We froze. The four, as a unit, moved closer. One of the guys, the one with the bat, grinned, swinging the bat slightly.
This was a moment of irrational fear. My heart pounded. A trickle of sweat ran down by back.
In books, they call what happened next predictable or deus ex machina, but at just that moment, one of Chicago’ finest rolled down the quiet street, very slowly, toward us. The men got in their cars quickly. And so did we.
Thankfully, I do not know what the outcome of that night would have been had not the police come along on such a fortunate patrol.
But the incident did stick with me for many years, until I got around to dramatizing the incident as the opening to Bashed. But in my fictional world, no police car came to the rescue and the pair of guys emerging from the leather bar end up bashed very badly…with an aluminum baseball bat. It’s chilling to think that one of your characters could have been you, a you that might not have survived to tell a tale again.
Blurb: It should have been a perfect night out. Instead, Mark and Donald collide with tragedy when they leave their favorite nightspot. That dark October night, three gay-bashers emerge from the gloom, armed with slurs, fists, and an aluminum baseball bat.
The hate crime leaves Donald lost and alone, clinging to the memory of the only man he ever loved. He is haunted, both literally and figuratively, by Mark and what might have been. Trapped in a limbo offering no closure, Donald can’t immediately accept the salvation his new neighbor, Walter, offers. Walter’s kindness and patience are qualities his sixteen-year-old nephew, Justin, understands well. Walter provides the only sense of family the boy’s ever known. But Justin holds a dark secret that threatens to tear Donald and Walter apart before their love even has a chance to blossom.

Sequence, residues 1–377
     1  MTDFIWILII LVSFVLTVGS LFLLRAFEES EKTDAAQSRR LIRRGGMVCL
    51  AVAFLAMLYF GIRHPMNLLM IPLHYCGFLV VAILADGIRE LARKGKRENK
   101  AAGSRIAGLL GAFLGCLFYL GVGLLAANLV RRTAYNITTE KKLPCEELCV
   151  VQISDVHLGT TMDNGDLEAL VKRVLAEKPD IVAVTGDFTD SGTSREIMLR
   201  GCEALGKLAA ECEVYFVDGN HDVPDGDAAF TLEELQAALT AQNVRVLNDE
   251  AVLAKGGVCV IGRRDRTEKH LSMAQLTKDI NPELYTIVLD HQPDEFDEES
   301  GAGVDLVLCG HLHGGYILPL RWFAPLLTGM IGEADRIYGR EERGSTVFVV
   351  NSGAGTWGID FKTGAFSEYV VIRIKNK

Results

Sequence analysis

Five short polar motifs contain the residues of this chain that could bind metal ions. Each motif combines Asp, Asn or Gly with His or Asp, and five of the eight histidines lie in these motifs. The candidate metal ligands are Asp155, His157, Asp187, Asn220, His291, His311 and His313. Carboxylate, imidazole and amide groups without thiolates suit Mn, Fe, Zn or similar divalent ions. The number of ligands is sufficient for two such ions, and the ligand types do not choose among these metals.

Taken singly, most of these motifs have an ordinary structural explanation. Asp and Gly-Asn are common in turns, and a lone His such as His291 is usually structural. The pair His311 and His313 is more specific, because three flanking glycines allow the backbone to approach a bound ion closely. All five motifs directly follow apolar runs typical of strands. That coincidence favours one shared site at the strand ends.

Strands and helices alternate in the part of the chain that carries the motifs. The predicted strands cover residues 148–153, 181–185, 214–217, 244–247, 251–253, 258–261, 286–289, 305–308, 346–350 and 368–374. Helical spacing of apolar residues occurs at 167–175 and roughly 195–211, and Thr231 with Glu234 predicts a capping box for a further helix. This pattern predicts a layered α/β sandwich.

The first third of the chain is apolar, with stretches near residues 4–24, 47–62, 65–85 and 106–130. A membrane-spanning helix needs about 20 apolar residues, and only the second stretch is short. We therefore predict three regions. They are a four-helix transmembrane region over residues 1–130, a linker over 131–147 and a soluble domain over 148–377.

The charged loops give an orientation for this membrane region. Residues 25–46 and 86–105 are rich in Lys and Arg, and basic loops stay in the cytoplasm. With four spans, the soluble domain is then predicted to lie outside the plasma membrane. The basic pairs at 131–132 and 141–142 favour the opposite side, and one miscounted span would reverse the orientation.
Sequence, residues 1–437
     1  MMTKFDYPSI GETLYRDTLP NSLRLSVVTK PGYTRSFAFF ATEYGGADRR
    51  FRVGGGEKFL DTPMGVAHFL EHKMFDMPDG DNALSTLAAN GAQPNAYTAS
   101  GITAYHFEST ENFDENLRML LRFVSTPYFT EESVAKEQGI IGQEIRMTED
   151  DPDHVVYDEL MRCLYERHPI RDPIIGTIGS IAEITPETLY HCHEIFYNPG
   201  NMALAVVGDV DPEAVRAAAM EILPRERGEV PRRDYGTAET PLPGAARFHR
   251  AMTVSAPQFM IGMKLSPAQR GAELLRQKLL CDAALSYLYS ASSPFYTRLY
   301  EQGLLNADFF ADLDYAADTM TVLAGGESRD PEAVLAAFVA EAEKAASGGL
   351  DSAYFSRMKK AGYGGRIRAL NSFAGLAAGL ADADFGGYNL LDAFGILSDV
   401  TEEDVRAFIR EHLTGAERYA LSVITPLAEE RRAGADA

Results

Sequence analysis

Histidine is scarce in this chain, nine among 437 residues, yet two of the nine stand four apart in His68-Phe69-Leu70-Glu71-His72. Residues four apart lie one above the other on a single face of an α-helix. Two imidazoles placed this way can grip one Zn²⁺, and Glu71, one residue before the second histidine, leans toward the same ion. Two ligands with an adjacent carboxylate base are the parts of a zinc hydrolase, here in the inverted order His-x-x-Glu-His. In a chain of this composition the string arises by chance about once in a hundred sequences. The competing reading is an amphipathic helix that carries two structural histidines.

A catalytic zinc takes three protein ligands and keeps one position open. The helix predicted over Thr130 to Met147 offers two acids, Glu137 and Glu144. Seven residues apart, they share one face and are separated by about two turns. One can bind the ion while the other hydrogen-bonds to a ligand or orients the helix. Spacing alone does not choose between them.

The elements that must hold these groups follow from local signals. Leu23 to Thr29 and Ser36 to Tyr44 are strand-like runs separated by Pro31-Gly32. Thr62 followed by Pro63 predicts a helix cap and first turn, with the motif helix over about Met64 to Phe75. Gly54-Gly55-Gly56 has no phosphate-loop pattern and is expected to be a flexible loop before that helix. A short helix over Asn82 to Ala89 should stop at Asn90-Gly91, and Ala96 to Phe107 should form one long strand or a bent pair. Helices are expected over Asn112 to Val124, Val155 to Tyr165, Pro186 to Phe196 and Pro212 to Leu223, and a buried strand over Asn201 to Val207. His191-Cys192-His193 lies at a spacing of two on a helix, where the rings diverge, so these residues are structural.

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Rick R. Reed is all about exploring the romantic entanglements of gay men in contemporary, realistic settings. While his stories often contain elements of suspense, mystery and the paranormal, his focus ultimately returns to the power of love. He is the author of dozens of published novels, novellas, and short stories. He is a three-time EPIC eBook Award winner (for Caregiver, Orientation and The Blue Moon Cafe). Raining Men and Caregiver have both won the Rainbow Award for gay fiction. Lambda Literary Review has called him, “a writer that doesn’t disappoint.” Rick lives in Seattle with his husband and a very spoiled Boston terrier. He is forever “at work on another novel.”
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Tour Dates: July 14: Havan Fellows
July 17: On Top Down Under
July 21: Joyfully Jay
July 24: Hearts on Fire
July 28: Love Bytes
July 31: The Novel Approach
August 4: Because Two Men Are Better Than One
August 7: JP Barnaby
10 thoughts on “Why I Wrote “Bashed” – An Afterward: Guest Post And Giveaway by Rick R. Reed”
Wow – what a powerful story.I cannot imagine the hatred someone must possess to commit such horrific crimes. Thank goodness your story ended as it did. Thank you for sharing your personal story with us. Thanks also for the giveaway.
Thank YOU for reading!
Hi Rick!! Thank you for your books…they’re strong and Bashed made me cry. I wish you all the best!! Hugs from Italy
Hugs right back…thank you for the kind words.
I thought the opening pages of ‘Bashed’ perhaps the single most powerful prologue I’ve ever read. It’s a brilliant novel, Rick.
Oh, you’re too kind, Diana. I do try and connecting with a reader like you makes it all worthwhile.
I can’t imagine how scary that must have been. Bashed sounds like a powerful story.
Oh, wow. So glad you guys weren’t hurt. But I can understand how such an incident can linger in one’s memory. A chilling story. Thank you for sharing.
Sounds like you had a lucky escape that night. If Bashed is as powerful a read as Caregiver I’m sure it’ll be well worth reading.
So glad the cops came when they did and it’s great you took your fear and made a story around it.
Having had dated a white guy for 7 years in the 80’s early 90’s we had a few brushes with violence’s and I understand that fear of being judged on the bases of who you are.
Will be buy your new title.